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Leafy, creative, community-led

Densely packed with traditional 19th century tenements and an abundance of things to see and do, the south offers visitors a chance to experience Glasgow’s attractions in beautiful surroundings and a warm, welcoming community spirit. Located just south of the River Clyde and close to the city centre, it’s an easy place to get to, with any mode of transport.

In contrast to the traditional architecture, the south has made waves in recent years for its modern and exciting food and drink scene, bringing lots of quality dining alongside the area’s more established visitor attractions and beautiful parks. This neighbourhood is made up of smaller areas and districts including Shawlands, Strathbungo, Pollokshields and Govan so make sure you don't overlook these when you're exploring.

Stunning parks, beautiful architecture and thriving cafe culture


Start your south exploration with a visit to House for an Art Lover, located in Bellahouston Park just 4 miles from the city centre. Designed by Scotland’s most celebrated architect and designer of the 20th century, Charles Rennie Mackintosh, the house was originally an unbuilt design submitted for a competition but now stands as a faithful interpretation and construction of his original design. Walk through the exquisite interiors and you’ll understand why this is one of the best places to experience Mackintosh’s iconic work, and take your time too – there’s a café and gift shop for a chance to stop and rest. Make sure to thoroughly explore Bellahouston Park. The kids will enjoy the play areas and Alice in Wonderland Maze or take a leisurely walk around the grounds to see the sculptures, walled garden, and the Palace of Art – the only surviving structure from the 1938 Empire Exhibition which took place in the park.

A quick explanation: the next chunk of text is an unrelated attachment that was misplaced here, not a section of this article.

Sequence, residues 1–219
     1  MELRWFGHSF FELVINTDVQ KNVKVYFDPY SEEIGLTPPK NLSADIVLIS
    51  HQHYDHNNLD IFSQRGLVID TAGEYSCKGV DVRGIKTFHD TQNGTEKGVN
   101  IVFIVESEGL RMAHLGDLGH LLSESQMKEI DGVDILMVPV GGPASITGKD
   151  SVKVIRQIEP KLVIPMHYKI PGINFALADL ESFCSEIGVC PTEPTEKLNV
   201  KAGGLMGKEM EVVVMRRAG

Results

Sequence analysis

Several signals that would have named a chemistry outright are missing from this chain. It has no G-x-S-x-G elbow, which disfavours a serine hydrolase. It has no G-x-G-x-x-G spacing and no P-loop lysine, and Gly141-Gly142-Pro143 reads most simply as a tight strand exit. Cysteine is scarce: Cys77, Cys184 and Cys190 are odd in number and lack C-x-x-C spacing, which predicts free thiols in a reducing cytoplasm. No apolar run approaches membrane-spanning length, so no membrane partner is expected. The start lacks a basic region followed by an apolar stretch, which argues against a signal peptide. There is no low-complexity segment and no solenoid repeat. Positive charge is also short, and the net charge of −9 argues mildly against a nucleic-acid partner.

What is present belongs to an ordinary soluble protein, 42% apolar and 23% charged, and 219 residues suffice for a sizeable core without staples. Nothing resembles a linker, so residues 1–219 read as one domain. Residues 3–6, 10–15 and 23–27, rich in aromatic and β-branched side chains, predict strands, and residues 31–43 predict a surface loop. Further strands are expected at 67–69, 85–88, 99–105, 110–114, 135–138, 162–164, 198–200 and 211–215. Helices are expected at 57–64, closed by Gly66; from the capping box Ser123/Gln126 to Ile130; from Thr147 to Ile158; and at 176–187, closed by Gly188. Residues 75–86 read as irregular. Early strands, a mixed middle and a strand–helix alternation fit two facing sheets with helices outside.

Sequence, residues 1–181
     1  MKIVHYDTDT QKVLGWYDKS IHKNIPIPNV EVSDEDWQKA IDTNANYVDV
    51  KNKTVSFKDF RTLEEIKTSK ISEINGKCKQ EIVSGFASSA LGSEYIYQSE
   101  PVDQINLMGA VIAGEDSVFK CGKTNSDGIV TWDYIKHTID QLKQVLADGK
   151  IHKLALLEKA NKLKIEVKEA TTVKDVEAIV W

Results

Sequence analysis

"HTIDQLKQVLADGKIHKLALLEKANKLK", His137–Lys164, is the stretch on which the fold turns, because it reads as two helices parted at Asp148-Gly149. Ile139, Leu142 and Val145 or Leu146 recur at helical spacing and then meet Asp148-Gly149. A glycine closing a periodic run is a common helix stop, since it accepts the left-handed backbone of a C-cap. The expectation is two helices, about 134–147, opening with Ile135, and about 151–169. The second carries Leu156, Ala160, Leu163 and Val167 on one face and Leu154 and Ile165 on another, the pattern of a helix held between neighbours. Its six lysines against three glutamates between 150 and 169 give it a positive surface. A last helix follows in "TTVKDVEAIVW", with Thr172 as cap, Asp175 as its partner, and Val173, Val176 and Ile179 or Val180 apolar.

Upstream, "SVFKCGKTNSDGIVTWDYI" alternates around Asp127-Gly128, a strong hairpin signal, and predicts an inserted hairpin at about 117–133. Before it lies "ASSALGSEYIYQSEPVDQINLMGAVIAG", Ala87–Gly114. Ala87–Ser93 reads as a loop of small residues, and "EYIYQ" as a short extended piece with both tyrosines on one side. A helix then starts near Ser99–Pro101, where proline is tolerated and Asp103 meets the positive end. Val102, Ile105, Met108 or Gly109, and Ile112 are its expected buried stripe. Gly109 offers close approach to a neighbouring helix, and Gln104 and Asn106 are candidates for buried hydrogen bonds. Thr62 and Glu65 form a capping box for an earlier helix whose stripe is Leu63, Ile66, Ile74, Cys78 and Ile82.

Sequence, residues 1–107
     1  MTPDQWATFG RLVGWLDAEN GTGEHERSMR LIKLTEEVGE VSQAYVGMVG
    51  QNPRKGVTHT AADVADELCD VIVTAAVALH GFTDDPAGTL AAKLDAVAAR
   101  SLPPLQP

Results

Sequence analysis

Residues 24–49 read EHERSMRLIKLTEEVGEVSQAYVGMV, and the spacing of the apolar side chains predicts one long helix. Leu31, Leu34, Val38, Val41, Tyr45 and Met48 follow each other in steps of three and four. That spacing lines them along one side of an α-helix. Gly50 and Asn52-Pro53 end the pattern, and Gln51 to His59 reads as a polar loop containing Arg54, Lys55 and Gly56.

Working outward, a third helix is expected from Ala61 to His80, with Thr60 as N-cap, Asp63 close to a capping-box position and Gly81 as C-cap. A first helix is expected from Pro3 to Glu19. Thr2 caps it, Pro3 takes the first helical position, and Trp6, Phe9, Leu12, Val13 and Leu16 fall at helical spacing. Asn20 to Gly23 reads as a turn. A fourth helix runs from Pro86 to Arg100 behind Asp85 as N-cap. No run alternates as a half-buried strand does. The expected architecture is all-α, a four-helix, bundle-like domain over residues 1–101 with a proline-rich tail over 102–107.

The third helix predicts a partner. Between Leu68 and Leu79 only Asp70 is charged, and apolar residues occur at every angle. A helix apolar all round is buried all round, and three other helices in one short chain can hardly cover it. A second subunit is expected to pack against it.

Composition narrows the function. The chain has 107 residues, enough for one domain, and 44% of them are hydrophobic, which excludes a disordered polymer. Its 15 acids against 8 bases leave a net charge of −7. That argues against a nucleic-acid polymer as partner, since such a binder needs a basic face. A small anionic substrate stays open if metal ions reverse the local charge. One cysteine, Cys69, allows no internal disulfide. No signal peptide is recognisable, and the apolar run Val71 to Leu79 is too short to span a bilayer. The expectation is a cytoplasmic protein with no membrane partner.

There is certainly a different feel for visitors who make it south of the river when visiting Glasgow, as well as the leafy suburbs and buzzing café scene they can expect to find some really great cultural gems including a few opportunities to experience the work of the city's most famous son, Charles Rennie Mackintosh.

Garry Sanderson, House for an Art Lover

Mackintosh also left his distinctive mark in the south with his design for Scotland Street School, which lives on as a museum telling the story of education from the Victorian era right up to the 1960s. It’s a beautiful building with lots of architectural detail that you can admire up close as you imagine what life as a pupil was like in the school.